Apple resellers are allowed to both perform repairs where the broken part goes back to Apple and just sell you a part. I believe their costs are way higher for the costs of an "one way part" so in practice, this does not happen much on major components that are not commodity parts.
In your particular instance, I would look to see when that specific model goes vintage. Presumably, Apple would then sell their stock of parts to the repair centers and for a limited time, there might be a nice supply (prices low) and no risk to the people carrying the part that their costs to carry inventory will raise the price of that part.
Even from reputable sellers, many parts that exist on the open market are scavenged from machines that are damaged (sometimes by liquid) and disassembled for parts and carry only a short warranty if any from the seller.
This is a good thing in almost all cases - reusing perfectly fine parts when they are properly tested is inexpensive and proper. The flip side, is what machines get damaged and don't get fixed? The worst kind of damage.
An iMac is very much not at risk from liquid but other things like power surge, can affect parts in an invisible way. Again, the question is of self-selecting. Which macs don't get cheap parts to fix the issues they have? The ones with major problems to either the display or the logic board.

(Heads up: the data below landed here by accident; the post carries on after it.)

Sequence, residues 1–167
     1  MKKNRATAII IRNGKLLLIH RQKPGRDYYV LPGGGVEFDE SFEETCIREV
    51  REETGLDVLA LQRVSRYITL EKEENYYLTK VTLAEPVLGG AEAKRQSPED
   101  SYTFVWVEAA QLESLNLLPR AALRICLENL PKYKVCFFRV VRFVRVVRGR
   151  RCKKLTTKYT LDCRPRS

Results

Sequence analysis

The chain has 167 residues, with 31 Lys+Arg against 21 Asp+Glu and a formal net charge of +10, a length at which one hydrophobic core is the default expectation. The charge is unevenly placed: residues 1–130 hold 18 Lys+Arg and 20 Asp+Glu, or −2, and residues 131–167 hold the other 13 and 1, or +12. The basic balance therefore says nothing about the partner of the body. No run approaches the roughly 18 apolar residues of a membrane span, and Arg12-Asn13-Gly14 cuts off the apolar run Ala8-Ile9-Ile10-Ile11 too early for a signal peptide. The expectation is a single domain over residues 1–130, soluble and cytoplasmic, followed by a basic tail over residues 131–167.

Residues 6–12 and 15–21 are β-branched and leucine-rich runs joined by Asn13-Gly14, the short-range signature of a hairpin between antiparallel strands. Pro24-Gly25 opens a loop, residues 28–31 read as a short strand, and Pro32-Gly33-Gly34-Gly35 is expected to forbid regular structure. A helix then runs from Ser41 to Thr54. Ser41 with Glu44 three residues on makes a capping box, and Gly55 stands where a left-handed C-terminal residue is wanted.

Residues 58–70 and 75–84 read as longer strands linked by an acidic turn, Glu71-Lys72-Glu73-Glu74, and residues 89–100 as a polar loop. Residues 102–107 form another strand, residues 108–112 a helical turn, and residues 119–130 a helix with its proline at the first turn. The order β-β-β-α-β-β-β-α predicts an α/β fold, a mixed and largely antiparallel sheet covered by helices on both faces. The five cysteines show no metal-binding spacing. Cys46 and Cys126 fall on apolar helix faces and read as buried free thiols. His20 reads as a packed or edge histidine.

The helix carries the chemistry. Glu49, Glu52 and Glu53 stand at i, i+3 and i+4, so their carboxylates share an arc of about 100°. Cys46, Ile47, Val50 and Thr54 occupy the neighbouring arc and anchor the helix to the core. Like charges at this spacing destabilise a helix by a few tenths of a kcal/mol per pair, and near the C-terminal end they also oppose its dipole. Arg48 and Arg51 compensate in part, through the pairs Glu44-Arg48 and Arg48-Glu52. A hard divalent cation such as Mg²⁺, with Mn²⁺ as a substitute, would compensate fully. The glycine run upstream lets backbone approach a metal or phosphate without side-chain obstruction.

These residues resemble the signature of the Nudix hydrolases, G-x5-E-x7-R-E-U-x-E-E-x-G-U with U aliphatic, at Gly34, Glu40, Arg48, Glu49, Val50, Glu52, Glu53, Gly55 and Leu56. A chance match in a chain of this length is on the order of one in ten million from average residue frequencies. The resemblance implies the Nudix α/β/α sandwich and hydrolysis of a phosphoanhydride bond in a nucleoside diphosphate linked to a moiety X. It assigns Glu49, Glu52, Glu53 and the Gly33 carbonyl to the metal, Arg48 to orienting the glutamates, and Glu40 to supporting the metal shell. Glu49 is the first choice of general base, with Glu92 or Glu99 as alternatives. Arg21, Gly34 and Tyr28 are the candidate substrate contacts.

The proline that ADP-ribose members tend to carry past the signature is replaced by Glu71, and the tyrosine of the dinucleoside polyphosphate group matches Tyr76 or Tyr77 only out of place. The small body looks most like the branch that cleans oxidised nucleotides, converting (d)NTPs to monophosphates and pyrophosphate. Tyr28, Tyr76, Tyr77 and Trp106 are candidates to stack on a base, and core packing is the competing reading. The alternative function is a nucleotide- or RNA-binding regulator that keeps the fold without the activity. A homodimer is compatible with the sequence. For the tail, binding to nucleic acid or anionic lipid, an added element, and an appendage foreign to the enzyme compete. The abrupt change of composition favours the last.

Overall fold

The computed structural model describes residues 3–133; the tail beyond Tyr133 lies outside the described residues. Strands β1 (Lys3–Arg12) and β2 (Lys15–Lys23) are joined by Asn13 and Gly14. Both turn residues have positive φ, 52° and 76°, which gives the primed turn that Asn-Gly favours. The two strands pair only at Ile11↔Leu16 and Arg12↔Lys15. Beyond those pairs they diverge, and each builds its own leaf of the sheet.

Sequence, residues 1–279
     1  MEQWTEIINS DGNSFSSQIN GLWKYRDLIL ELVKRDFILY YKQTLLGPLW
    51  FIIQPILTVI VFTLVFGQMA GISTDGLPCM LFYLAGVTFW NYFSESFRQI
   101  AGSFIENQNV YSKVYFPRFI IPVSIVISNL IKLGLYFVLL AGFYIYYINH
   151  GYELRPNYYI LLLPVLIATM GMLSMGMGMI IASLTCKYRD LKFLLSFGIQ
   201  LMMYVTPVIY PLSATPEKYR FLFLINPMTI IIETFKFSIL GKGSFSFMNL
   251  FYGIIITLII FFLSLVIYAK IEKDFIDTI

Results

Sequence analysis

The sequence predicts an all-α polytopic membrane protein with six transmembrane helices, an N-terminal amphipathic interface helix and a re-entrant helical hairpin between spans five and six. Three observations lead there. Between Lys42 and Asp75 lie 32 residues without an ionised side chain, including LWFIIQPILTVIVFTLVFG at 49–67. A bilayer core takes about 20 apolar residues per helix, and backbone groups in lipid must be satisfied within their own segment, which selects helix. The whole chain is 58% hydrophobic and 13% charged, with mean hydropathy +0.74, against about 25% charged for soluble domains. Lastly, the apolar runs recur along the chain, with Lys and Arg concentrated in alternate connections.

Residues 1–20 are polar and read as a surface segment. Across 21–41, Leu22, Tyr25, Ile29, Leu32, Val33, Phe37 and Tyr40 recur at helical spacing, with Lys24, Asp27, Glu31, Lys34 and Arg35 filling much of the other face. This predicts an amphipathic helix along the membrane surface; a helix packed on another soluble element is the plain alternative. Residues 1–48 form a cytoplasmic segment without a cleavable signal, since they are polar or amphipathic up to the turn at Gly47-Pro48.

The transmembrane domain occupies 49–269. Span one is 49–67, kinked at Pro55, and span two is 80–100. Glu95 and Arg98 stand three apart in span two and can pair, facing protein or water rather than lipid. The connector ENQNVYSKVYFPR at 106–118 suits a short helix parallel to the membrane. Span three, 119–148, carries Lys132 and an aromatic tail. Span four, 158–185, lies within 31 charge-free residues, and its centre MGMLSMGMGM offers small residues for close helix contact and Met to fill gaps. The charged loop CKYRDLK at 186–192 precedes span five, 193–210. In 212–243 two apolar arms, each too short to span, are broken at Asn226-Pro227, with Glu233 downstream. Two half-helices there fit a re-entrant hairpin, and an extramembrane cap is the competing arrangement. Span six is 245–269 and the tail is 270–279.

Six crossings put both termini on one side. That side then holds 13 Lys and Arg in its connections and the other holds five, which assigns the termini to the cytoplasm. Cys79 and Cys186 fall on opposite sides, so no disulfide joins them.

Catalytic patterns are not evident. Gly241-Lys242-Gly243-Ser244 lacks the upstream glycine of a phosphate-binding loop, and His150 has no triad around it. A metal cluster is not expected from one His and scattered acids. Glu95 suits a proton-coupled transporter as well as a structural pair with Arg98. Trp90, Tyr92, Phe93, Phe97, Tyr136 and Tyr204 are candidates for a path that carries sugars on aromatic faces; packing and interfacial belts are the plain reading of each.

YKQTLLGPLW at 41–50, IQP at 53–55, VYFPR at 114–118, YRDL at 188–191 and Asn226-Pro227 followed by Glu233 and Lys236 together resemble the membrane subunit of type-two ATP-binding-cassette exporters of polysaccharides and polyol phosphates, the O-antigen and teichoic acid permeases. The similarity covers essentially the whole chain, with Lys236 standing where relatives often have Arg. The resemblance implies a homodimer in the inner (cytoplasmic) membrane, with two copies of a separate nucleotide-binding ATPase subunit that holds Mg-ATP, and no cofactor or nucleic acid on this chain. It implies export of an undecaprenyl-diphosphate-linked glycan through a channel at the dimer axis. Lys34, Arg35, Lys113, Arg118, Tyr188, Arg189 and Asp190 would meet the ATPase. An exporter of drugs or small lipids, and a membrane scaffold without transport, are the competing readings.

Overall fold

For these reasons, I prefer to buy parts from a company I trust to know why a used mac isn't getting fixed so I can get good parts from them. Similarly, I'll gladly buy the damaged mac from the person that wants to sell it for parts so I can evaluate the damage myself. They are usually forthcoming why and how it got damaged ( and also pricing my offer knowing it may be a total waste.)
As always, finding a good mechanic - someone who knows the business and has experience with hundreds of repairs on your specific model and thousands of repairs under the belt is more important to knowing when parts can be used.
The sad fact is specialized and highly reliable parts outside of Apple's supply chain are too expensive to be widely available. It's hard for consumers to know if a good price is a lucky break or the seller has more information of the part's heritage and passing on hidden risk to the buyer.